Contemporary politics and classical architecture

A conversation with Dr. Steven Zucker and Dr. Beth Harris in front of HBRA Architects, United States Federal Building and Courthouse, 2011, Tuscaloosa, Alabama


Additional resources

President Donald Trump, “Promoting Beautiful Federal Civic Architecture“, Executive Order, December 21, 2020

Taylor Dafoe, “Joe Biden Has Revoked Trump’s Executive Order Mandating Classical-Only Architecture for Federal Buildings, Restoring ‘Freedom of Design’,” Artnet, February 26, 2021

Smarthistory images for teaching and learning:

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[0:00] [music]

Dr. Steven Zucker: [0:04] We’re in Tuscaloosa, Alabama, standing in front of the United States Federal Building and Courthouse. This is a building that is not very old, but it references an architecture that comes from two millennia ago.

Dr. Beth Harris: [0:16] This building looks like an ancient Greek temple, specifically a Doric temple.

Dr. Zucker: [0:22] The Doric is easily recognized through the massive columns with simple capitals and with no base.

Dr. Harris: [0:28] Those Doric columns carry a frieze, and then above that, this triangular shape called a pediment, and then above [that] on the roofline decorative forms called acroteria.

[0:41] We’re talking specifically about the main entrance, but there are wings on either side. This is a building that has to house modern offices for the federal government.

Dr. Zucker: [0:51] This building is remarkably faithful to the ancient Greek tradition.

Dr. Harris: [0:54] This style was revived in the 18th century at the time of the founding of the United States. We associate this style with so many government buildings like the White House and Congress and [the] Supreme Court building. In a way, this style has come to represent ideals of democracy, of civic virtue.

Dr. Zucker: [1:16] It’s worth taking a moment to think about what the ancient Greek architectural vocabulary meant in the early years of the United States. The 18th and 19th centuries were a time of architectural revival.

[1:27] It’s almost as if European and American culture looked back to history as a place that they could pilfer from, that they could borrow from, and so you have Neo-Egyptian, you have an important revival of the Gothic, but the neoclassical had special significance.

[1:43] The architect-planner L’Enfant, who’s credited with planning Washington, D.C., the federal city, was looking back to ancient Greece because he understood Athens to be the birthplace of democracy.

Dr. Harris: [1:54] The problem, I think, comes in in the idea of mandating from the federal government and imposing one style on a country which is very large and very heterogeneous, and also the associations of classical architecture to white European values.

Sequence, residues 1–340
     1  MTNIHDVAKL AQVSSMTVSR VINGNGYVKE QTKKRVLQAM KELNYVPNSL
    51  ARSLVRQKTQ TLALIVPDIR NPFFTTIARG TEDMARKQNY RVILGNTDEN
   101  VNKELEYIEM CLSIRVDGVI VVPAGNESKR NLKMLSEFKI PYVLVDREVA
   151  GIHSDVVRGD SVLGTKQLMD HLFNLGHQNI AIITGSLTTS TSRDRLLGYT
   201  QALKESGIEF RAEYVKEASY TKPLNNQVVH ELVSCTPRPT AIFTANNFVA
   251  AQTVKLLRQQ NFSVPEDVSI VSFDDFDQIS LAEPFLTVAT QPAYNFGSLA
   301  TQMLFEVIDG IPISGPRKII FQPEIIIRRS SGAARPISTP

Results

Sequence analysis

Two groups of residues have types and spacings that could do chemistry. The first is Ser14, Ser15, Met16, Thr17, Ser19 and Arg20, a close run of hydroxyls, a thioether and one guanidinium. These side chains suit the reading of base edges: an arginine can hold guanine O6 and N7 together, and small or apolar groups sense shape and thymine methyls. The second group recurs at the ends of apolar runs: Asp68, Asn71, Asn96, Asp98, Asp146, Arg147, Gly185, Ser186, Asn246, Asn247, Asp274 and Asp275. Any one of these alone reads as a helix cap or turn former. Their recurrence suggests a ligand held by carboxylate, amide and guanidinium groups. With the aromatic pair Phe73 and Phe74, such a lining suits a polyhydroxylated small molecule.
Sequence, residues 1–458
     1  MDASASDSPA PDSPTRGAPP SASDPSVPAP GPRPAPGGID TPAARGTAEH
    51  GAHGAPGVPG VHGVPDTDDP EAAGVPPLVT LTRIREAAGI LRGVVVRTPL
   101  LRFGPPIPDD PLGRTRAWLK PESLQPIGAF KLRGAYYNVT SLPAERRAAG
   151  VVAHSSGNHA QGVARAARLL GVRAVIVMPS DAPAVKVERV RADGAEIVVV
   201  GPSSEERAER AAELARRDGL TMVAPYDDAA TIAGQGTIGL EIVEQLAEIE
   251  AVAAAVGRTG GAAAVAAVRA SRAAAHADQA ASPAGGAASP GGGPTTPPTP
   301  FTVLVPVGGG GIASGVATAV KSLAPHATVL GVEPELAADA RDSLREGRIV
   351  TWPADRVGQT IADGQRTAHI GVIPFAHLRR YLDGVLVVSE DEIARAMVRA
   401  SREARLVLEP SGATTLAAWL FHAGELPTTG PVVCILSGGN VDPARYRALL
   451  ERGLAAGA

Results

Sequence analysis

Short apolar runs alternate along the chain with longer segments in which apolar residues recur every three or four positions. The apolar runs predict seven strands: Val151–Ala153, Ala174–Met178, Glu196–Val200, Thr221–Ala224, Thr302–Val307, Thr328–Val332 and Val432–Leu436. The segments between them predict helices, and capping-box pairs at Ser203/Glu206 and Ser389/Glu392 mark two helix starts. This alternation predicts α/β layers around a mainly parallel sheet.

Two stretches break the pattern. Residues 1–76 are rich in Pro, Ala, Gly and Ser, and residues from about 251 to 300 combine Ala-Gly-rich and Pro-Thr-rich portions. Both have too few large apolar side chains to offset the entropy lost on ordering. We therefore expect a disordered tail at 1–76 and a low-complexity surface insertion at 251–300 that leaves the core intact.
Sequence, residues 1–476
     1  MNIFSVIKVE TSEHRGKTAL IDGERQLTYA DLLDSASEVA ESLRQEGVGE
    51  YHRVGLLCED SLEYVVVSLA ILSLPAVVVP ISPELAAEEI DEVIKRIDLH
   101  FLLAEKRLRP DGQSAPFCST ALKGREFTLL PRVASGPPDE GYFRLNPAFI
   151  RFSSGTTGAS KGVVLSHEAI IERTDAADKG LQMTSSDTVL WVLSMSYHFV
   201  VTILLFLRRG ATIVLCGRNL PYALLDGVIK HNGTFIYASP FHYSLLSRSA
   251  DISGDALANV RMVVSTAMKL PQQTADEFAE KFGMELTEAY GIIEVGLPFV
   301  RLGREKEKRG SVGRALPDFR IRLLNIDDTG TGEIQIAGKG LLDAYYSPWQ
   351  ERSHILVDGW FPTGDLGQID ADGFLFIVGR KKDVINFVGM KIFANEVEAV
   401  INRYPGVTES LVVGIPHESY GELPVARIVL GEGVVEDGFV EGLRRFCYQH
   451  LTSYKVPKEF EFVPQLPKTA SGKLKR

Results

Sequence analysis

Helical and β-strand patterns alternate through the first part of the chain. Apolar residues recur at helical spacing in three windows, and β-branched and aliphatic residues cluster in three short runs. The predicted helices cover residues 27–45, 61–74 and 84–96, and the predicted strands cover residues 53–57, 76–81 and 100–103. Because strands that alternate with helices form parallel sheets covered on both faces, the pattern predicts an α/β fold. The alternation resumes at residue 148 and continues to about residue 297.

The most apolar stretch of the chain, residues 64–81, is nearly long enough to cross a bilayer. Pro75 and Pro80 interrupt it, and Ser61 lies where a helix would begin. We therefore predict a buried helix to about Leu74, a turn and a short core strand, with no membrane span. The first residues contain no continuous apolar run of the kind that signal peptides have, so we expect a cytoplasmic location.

Dr. Zucker: [2:12] And to the exclusion of all other types of cultural heritage.

Dr. Harris: [2:16] And an assertion that this style is superior.

Dr. Zucker: [2:19] In December of 2020, when President Trump issued an executive order mandating that federal buildings must be in a neoclassical style, using a vocabulary that struck many historians as uncomfortably close to the kind of rhetoric that was used by totalitarian regimes.

Dr. Harris: [2:36] For example, we could look back at the example of Nazi Germany and their attack on modern art and their promotion of classical art. The ramifications were very dangerous and often lethal.

Dr. Zucker: [2:49] Artists were persecuted, some artists were sent to death camps. Their artwork was destroyed and only certain kinds of art could be made, and so many people noticed this very uncomfortable parallel, but I think we have to be careful. We don’t want to vilify the neoclassical. The neoclassical can be beautiful, but it is not the only kind of beauty.

Dr. Harris: [3:08] There’s an argument to be made. There is the idea that this is a kind of civic architecture that has a long history in the United States, that’s associated with government functions, with high civic ideals, and this is a beautiful building, and when one approaches it, one has a sense of grandeur, of monumentality, and those civic virtues that we associate with neoclassical architecture.

Dr. Zucker: [3:34] We chose to have this discussion in front of this particular building because the executive order singles it out as one of the great examples that architecture should now be.

Dr. Harris: [3:46] And just recently, President Biden rescinded Trump’s executive order. So while it might seem like we’re just talking about architectural styles, we’re really talking about something that is deeply important in the social life of our country.

[4:01] [music]

Cite this page as: Dr. Beth Harris and Dr. Steven Zucker, "Contemporary politics and classical architecture," in Smarthistory, January 10, 2022, accessed June 25, 2024,